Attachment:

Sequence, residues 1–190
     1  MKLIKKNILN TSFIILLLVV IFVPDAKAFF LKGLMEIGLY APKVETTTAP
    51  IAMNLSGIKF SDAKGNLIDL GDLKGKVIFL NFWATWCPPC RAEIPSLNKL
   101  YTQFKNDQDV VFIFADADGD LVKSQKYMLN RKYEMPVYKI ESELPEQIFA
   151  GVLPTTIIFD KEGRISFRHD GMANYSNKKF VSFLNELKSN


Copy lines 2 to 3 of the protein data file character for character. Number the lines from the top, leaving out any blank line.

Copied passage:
     1  MKLIKKNILN TSFIILLLVV IFVPDAKAFF LKGLMEIGLY APKVETTTAP
    51  IAMNLSGIKF SDAKGNLIDL GDLKGKVIFL NFWATWCPPC RAEIPSLNKL